Fort Gibson is a National Historic Landmark in Eastern Oklahoma. Fort Gibson (Indian Territory) was constructed in 1824 to keep peace between warring Native American tribes in the area and was a base of operations for many expeditions. The fort was first abandoned in 1857, but reactivated during the Civil War and used as a base for post-war Reconstruction activities.
During its history, Fort Gibson became a vital point in U.S. relations with the so-called Five Civilized Tribes as they were forced west on the Trail of Tears and became a final stop on the Trial of Tears for thousands of Cherokee, Creek and Seminole families.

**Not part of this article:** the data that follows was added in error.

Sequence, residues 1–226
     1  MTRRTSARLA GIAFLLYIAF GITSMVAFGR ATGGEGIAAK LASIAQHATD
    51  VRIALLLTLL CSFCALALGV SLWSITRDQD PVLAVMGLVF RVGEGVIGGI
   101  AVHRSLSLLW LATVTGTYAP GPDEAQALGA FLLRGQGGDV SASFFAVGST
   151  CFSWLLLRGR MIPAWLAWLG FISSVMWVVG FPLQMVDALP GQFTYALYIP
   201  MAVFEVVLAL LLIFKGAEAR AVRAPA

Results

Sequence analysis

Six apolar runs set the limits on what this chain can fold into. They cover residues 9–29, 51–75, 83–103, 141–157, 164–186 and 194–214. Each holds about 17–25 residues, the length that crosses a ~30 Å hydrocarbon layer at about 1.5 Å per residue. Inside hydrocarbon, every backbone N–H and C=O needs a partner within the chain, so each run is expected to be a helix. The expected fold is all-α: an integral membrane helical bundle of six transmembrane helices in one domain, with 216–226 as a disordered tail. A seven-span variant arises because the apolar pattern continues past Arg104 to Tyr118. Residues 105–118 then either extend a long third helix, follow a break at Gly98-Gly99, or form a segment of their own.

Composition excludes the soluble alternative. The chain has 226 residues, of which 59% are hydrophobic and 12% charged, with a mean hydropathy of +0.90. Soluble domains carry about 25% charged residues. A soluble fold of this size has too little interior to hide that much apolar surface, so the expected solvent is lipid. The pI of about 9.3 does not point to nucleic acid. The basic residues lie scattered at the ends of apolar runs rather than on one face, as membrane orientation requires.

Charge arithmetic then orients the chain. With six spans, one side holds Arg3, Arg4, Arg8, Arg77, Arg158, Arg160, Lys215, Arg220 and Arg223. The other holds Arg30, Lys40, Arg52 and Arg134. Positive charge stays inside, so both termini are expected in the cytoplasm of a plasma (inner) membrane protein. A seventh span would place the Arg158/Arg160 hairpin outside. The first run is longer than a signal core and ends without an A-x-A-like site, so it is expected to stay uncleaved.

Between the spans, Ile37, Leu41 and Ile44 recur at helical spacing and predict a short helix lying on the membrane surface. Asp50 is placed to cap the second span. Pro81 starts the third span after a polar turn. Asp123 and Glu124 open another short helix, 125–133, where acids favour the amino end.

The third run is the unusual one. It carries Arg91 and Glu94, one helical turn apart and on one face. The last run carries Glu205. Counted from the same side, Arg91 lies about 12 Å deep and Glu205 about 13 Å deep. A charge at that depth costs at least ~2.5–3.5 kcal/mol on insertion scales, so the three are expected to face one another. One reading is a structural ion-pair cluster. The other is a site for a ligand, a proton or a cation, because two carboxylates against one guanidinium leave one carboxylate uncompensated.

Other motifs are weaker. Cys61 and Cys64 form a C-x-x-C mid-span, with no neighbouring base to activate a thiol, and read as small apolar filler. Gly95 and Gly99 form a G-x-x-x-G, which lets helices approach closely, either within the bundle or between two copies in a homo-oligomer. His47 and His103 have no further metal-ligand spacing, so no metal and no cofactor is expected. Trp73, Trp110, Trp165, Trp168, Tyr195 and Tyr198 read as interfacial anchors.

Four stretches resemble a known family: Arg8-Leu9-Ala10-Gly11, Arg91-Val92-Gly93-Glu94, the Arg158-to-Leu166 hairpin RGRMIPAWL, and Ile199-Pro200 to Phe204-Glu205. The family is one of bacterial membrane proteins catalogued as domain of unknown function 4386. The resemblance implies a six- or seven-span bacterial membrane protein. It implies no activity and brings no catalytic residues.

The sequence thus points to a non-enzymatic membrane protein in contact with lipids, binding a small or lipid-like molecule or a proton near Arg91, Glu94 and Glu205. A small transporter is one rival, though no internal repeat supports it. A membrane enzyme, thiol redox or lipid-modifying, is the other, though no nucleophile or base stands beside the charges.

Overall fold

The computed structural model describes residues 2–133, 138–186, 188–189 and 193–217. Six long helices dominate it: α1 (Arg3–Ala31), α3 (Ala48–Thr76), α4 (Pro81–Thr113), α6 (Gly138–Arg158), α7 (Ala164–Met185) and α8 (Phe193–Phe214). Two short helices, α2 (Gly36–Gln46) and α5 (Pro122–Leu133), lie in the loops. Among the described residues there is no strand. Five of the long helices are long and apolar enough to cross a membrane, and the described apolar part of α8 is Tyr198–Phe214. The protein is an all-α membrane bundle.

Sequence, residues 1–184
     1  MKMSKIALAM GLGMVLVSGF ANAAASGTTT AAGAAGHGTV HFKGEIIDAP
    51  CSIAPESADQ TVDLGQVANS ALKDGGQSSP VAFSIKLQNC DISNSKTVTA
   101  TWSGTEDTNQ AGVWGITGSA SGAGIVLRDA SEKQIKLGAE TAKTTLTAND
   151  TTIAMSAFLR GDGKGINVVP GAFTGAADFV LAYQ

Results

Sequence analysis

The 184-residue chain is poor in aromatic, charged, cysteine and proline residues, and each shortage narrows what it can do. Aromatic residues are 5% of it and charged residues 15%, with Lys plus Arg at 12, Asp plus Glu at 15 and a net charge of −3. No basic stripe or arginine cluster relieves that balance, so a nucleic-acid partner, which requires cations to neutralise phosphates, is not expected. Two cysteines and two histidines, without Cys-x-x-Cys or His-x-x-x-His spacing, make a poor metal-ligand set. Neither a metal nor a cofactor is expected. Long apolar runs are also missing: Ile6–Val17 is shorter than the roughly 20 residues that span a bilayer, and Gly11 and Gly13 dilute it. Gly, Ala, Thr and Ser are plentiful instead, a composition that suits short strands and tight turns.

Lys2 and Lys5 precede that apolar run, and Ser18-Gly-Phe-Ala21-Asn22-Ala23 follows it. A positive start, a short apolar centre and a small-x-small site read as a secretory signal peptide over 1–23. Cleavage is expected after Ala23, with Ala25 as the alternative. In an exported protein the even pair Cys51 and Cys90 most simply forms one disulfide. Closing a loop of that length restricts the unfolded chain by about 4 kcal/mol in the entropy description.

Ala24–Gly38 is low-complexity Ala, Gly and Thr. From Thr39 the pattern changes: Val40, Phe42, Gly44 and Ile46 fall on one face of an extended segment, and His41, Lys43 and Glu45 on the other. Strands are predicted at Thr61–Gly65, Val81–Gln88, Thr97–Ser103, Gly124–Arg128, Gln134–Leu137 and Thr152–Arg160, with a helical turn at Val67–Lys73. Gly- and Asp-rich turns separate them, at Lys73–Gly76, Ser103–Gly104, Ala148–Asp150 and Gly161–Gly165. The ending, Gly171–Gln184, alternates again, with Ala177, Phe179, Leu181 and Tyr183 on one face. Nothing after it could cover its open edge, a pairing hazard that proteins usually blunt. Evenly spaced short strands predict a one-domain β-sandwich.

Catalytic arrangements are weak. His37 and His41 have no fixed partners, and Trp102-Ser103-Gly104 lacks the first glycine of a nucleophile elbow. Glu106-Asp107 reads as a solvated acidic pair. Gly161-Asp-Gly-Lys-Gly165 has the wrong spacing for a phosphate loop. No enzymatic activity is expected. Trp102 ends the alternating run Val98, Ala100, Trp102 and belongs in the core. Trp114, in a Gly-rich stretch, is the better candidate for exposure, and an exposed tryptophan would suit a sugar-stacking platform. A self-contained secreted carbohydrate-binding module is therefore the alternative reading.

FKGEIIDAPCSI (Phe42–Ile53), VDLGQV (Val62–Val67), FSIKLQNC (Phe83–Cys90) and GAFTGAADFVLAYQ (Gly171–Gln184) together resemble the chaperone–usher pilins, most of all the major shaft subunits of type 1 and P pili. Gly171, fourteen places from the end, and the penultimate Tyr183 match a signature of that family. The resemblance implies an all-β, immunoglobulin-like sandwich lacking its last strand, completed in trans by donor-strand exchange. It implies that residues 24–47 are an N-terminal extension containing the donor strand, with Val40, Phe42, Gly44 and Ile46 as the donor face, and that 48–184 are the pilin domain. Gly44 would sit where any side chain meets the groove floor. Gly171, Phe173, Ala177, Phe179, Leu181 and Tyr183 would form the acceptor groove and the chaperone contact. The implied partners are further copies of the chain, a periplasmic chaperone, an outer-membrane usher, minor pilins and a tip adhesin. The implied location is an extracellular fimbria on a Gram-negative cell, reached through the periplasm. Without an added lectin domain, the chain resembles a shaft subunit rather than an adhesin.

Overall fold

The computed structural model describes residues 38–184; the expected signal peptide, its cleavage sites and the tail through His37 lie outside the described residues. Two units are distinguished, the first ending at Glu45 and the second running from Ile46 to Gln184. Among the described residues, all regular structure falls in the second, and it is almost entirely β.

Over its 70-year history it was rebuilt several times and renamed twice. The Union Army of the Frontier occupied the fort in late 1862, renaming it as Fort Blunt after General James G. Blunt of Kansas. After the U.S. Civil War ended, the post was renamed back to Fort Gibson. In 1890, the U.S. Army declared the post obsolete and abandoned it.
Surviving or reconstructed structures include the stockade, the barracks, the magazine, hospital and bake-house. A museum helps orient visitors to the different parts of the large historic site. In addition, a small section of the earthworks built during the Civil War when the post was called Fort Blunt still survive.
Operated by the Oklahoma Historical Society, the site also hosts a number of special living history events and programs throughout the year.
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